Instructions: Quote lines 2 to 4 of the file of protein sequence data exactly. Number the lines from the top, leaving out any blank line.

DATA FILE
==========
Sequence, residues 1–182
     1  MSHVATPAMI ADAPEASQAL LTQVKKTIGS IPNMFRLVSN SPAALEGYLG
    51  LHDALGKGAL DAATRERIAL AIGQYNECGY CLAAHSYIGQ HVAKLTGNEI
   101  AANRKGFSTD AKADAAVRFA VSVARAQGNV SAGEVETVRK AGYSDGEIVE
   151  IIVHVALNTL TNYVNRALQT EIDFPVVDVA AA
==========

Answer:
     1  MSHVATPAMI ADAPEASQAL LTQVKKTIGS IPNMFRLVSN SPAALEGYLG
    51  LHDALGKGAL DAATRERIAL AIGQYNECGY CLAAHSYIGQ HVAKLTGNEI
   101  AANRKGFSTD AKADAAVRFA VSVARAQGNV SAGEVETVRK AGYSDGEIVE